IANPHI, CDC, and Côte d’Ivoire conduct first virtual Staged Development Tool workshop

On September 16, 2020 Côte d’Ivoire’s Institut National de Santé Publique (INSP) took part in a virtual workshop using the Staged Development Tool (SDT). SDT workshops are usually facilitated in person, but because of travel restrictions related to COVID-19, the event was held virtually for the first time. Participants included INSP staff in Abidjan and Bouaké and a team of facilitators from IANPHI and the United States Centers for Disease Control and Prevention (U.S. CDC) in Atlanta, GA. 

Developed by IANPHI and U.S. CDC, the SDT helps national public health institutes (NPHIs) assess their current capacity, identify gaps in functionality, and develop a roadmap to achieve a higher level of functioning. 

Created in 1969, INSP is focused on public health research and workforce development. After suffering disruptions during the 2010-2011 post-electoral crisis, the institute has been working to revitalize its activities. 

Nine members of INSP’s management team, including Prof. Dinard Koussi, director of INSP; Prof. Yavo William, deputy director for research; leaders of several research groups within the INSP; and members of the scientific council had an in-depth discussion on their research activities. 

“During the post-electoral crisis, a number of health structures, including INSP, were the target of looting,” explained Prof. Yavo. “Government support through the Presidential Emergency Program and support from partners made it possible to gradually restore technical facilities, strengthen the supply of inputs and equipment to health centers, and resume public health activities throughout the country.” He added that “INSP’s public health research and training activities are now fully carried out on three of its sites (Abidjan, Bouaké and Daloa), while the Bouaflé site, dedicated to community health training, is still awaiting rehabilitation.”

The first part of the workshop was facilitated using the SDT discussion guide for research, one of 28 discussion guides, each of which covers a different aspect of functions critical to an NPHI. The guides provide descriptions of what an NPHI’s resources and capacities might be like in developmental stages ranging from basic to leading edge. 

The research discussion guide helped participants clarify INSP’s current development stage, desired stage, and gaps that need to be addressed to reach the desired state. The INSP team talked about research priorities, systems and protocols, resources, quality and impact of research work and efforts to engage with stakeholders.

The second part of the workshop focused on identifying priority areas for improvement and next steps. For example, participants discussed updating their 2015-2019 strategic plan and creating a new five-year plan. It was noted that some of INSP’s research groups operate at a more advanced stage than others. The team discussed ways to move forward as one institute, with all groups achieving advanced stages of development. Among other ideas discussed were mentoring junior researchers and training senior researchers how to become better mentors and research leaders.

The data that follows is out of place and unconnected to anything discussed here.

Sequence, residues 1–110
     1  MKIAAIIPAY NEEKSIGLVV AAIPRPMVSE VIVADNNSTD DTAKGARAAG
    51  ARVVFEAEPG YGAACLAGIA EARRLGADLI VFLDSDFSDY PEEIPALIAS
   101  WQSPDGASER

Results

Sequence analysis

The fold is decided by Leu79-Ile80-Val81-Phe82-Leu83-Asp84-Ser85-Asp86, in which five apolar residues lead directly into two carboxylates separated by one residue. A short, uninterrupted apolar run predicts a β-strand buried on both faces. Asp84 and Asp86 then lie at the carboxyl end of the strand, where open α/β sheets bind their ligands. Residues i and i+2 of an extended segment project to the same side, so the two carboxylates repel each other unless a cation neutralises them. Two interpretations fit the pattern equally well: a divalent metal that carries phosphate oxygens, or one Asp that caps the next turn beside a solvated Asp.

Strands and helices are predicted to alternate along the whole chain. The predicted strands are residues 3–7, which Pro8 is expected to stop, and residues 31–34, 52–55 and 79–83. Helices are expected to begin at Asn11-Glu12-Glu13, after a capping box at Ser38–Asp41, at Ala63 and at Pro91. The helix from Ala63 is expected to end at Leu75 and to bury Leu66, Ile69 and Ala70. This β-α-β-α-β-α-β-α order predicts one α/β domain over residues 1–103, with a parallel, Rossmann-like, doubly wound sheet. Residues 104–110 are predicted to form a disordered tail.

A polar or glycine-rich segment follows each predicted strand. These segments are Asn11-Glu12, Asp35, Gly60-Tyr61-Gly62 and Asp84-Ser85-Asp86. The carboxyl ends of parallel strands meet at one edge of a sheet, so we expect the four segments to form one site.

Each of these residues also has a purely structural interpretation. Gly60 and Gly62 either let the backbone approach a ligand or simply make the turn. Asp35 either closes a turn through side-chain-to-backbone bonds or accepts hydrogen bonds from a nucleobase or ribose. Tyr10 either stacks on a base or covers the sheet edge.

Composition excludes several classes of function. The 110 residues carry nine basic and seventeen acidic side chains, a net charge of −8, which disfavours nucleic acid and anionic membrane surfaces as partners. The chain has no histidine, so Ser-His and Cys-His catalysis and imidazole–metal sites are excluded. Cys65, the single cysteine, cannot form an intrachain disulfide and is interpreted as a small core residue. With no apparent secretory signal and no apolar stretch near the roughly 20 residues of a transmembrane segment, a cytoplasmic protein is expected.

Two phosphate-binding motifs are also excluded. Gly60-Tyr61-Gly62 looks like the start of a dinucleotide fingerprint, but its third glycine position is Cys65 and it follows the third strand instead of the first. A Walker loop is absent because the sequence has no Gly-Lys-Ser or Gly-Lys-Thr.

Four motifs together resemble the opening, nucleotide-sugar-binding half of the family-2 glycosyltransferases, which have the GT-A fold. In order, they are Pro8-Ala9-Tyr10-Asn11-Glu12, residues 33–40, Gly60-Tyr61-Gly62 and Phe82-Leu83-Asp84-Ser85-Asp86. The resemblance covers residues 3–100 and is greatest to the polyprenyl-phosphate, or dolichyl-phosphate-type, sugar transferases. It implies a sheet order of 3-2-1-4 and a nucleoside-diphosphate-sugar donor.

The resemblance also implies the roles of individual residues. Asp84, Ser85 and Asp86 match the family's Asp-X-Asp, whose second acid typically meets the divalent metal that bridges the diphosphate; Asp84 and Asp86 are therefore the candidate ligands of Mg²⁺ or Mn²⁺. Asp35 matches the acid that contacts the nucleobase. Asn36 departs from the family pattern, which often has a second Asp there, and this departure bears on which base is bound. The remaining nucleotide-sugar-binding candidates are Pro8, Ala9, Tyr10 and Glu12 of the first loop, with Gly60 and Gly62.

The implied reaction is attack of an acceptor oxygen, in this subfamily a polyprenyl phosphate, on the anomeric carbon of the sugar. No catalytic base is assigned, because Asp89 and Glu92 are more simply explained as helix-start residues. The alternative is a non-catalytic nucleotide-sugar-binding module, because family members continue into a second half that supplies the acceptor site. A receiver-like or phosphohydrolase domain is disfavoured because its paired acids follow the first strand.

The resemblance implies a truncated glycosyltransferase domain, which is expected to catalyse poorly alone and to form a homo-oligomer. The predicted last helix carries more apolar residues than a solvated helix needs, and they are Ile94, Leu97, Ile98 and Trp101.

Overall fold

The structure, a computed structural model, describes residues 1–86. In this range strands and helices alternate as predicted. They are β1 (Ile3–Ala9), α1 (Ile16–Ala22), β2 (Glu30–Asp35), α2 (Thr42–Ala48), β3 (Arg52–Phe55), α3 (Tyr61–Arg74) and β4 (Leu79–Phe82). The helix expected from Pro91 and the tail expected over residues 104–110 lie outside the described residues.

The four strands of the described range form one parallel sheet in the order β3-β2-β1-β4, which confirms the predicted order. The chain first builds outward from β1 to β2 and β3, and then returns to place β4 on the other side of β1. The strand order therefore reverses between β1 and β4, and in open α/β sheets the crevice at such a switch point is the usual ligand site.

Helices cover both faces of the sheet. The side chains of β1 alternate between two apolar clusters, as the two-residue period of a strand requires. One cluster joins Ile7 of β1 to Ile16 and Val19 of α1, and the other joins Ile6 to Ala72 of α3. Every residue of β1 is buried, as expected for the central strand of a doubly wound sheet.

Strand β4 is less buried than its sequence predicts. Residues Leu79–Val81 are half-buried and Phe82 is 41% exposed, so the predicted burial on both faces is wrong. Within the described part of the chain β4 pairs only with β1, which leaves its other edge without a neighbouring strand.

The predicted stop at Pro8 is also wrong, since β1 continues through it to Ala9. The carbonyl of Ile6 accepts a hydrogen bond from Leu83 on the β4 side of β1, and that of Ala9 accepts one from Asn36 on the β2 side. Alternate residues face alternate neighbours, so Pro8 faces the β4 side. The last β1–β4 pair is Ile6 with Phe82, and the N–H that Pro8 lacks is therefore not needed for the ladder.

Participants also considered several ideas to improve the visibility of their institute. They acknowledged the benefits of having researchers with the ability to publish research results and pursue funding opportunities in English, as well as the importance of peer-reviewed publications to improve the impact of their research work nationally, regionally and internationally.

Near the end of the workshop, participants were able to develop a list of priorities to address in order to build INSP’s research capacity and increase its impact for the year to come. According to Prof. Yavo, the workshop was “a fruitful sharing of experience” for his team. “It enabled INSP to better identify the gaps and the priorities to be addressed for the development of research”, he added.

INSP plans to operationalize the list of priorities in collaboration with the relevant stakeholders and partners. Prof. Yavo is hoping that “the implementation, monitoring and assessment of priority actions will enable INSP to become an international center of excellence in public health research over the next three years.”

To date, the SDT has been used in 16 countries on four continents. For more information on the tool visit the SDT page. If you are interested in organizing an SDT workshop for your institute, contact IANPHI at info@ianphi.org or contact the U.S. CDC's NPHI Program at nphisdt@cdc.gov.

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